The first example is all tell. I’ve pre-digested the observations for you and there’s no effort needed. It may be fine in the context of the story, particularly if the events are actually being told to a third party. On the other hand, the second example is more show. If this is the only account it will probably be more engrossing. I feel as though I have a view of what happened. I’m involved.
But beware of fighting to show just because you’ve hear the mantra ‘show, don’t tell’. For instance:
‘Sunlight lit everything and there was a hint of frost typical of late spring. Bong, bong, bong, bong, bong, bong, bong, bong, bong, bong, bong, bong, bong’
is not nearly as good as
‘It was a bright cold day in April, and the clocks were striking thirteen’.
I think it’s very natural for us to tell most of the time in conversation and also to carry that forward into writing. And that’s appropriate – in conversation. We’re going to put a lot of friendships under stress if we start trying to show things all the time when we’re not writing. I suppose it’s finding a balance.June 18, 2020 at 8:29 am #8447SandraParticipant
What a brilliant set of answers and examples to a most important question, I’ve been writing fiction ten years now but still forget how this one works. Thanks for asking it, Andrew. And well done Jane for mentioning Emma’s blog – taught me so much.June 18, 2020 at 9:00 am #8448SquidgeParticipant
Wot everyone else said! My rule of thumb to determine when I should show is to put myself in the MC’s shoes and write from their experience – if I can portray something through what they are seeing/hearing/feeling, then it’s probably more of a ‘show’ moment than a ‘tell’ one. For me, it’s linked with people and actions rather than descriptions – which one of Ath’s examples also seems to support.June 18, 2020 at 9:55 am #8449RichardBParticipant
Good point, Squidge. It can also help if your think about how you perceive things in real life. When someone becomes angry, for instance, no one tells you ‘this person is angry.’ It’s shown to you as you see their brows come down, as you hear their voice rise.
And for all ‘novices’ reading this, another plug for Emma Darwin’s blog, the finest resource for writers on the web. Clear, in-depth, intelligent advice. Often quite funny, too.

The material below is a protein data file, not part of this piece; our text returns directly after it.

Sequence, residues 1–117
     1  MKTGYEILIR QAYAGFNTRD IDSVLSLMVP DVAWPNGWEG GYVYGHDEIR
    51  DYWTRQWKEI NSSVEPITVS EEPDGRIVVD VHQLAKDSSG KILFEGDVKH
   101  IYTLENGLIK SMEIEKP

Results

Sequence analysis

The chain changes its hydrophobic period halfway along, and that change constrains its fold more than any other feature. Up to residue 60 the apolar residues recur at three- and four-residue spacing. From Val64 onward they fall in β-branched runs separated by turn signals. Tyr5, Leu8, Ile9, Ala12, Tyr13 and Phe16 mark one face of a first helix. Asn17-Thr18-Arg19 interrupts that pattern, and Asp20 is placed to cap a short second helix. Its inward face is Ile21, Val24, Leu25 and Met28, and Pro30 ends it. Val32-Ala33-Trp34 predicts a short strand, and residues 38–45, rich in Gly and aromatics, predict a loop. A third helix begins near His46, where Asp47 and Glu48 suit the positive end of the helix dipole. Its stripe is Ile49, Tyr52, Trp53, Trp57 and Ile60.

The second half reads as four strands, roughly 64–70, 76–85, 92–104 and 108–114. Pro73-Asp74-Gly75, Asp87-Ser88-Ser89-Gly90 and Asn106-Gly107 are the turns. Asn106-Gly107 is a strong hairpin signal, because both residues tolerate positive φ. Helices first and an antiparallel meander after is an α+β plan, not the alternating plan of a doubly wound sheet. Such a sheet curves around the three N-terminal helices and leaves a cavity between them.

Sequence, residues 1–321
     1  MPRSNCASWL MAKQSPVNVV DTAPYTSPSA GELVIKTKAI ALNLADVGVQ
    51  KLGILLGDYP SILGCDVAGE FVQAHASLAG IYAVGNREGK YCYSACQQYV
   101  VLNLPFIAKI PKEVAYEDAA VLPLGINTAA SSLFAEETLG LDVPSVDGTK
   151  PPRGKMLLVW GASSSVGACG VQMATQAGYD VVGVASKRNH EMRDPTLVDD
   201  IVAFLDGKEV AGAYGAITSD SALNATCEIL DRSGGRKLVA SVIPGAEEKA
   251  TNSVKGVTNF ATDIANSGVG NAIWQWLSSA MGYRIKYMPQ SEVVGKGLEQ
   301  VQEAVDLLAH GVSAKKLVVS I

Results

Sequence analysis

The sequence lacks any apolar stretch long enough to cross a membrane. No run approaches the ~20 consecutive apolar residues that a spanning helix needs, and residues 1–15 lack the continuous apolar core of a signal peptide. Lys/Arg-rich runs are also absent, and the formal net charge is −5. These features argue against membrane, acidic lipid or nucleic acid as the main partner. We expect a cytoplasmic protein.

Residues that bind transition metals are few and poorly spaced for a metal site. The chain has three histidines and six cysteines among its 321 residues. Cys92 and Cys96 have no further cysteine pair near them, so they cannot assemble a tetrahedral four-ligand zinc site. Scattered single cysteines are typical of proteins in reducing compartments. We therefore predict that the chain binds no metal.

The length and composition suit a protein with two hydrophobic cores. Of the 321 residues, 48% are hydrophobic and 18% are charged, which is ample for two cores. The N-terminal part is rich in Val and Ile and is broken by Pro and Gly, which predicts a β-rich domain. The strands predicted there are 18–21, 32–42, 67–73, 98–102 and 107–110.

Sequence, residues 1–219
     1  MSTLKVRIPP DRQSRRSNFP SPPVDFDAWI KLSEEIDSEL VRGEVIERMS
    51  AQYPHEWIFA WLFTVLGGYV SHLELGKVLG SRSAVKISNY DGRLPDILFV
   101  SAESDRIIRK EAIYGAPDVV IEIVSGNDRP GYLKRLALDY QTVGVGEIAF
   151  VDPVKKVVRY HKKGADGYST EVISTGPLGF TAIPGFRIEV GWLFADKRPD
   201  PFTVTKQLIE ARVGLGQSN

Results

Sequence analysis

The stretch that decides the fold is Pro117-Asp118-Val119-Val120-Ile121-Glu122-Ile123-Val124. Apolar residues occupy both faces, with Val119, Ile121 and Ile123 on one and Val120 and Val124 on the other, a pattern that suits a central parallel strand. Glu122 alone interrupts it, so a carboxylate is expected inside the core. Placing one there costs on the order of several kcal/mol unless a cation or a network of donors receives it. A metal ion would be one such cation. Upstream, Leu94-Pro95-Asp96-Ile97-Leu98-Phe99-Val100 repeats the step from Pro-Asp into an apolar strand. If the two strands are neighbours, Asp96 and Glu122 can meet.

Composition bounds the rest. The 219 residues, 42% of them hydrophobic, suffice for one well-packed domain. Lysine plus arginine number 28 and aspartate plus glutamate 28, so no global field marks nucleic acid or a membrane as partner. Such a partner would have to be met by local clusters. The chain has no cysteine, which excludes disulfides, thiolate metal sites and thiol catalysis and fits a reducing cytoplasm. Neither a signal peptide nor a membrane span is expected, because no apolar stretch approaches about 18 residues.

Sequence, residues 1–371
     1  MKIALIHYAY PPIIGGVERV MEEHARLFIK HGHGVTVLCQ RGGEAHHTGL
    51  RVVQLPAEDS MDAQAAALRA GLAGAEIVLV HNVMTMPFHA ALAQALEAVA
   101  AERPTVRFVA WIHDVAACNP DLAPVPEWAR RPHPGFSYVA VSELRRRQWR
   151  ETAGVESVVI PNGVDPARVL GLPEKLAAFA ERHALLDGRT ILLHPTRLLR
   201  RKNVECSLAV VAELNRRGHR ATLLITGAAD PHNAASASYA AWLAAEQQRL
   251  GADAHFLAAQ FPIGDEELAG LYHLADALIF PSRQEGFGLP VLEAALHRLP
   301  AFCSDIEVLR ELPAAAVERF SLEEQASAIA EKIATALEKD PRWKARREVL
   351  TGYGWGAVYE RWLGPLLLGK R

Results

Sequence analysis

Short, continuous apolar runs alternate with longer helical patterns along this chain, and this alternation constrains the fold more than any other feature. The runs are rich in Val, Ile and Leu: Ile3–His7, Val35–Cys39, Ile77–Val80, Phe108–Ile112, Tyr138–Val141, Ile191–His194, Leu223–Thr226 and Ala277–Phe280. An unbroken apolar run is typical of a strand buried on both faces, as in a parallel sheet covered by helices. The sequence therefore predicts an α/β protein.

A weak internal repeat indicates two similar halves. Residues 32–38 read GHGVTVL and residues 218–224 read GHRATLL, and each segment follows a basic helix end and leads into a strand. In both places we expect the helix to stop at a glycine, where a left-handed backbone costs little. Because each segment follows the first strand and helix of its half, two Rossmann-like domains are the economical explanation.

Oh, and Andrew (and anyone else who’s in a similar position), do keep the ‘stupid questions’ coming. Many of the regulars here are quite some way along the writing journey, and we haven’t had a lot of this kind of intersting discussion. It’s livening the place up no end.June 18, 2020 at 12:27 pm #8453LibbyParticipant
This forum is a great idea, Andrew.
Re show-or-tell, I can’t add much to what’s already been said so well. The only thing I can think of is that sometimes, even with telling, you might want to write quite descriptively. Emma Darwin gives an example in the showing and telling post Jane mentions.July 8, 2020 at 7:09 pm #8528Andrew BrutonParticipant
That’s all completely amazing. I managed to forget my password and have been locked out for ages so it’s lovely to see responses. I will digest as much as I can. I liked the show/tell examples, very useful. Thank you.
I still haven’t figured out how the replies work so whilst I thought I was starting to respond to one person it appears that I’m just adding something at the bottom. SO be it.
Just from that flurry of answers, I feel I understand a little more about this which is truly motivating. I have taken the decision to completely start again with my novel, going through a planning process beforehand so I can finally put the plot to bed and not worry about where I’m heading…and then I can throw away the plan if I need to.
I will continue to struggle with the balance of telling as I continue, but I think I may be able to spot it a little better from this point forward.
- This reply was modified 1 year ago by Andrew Bruton.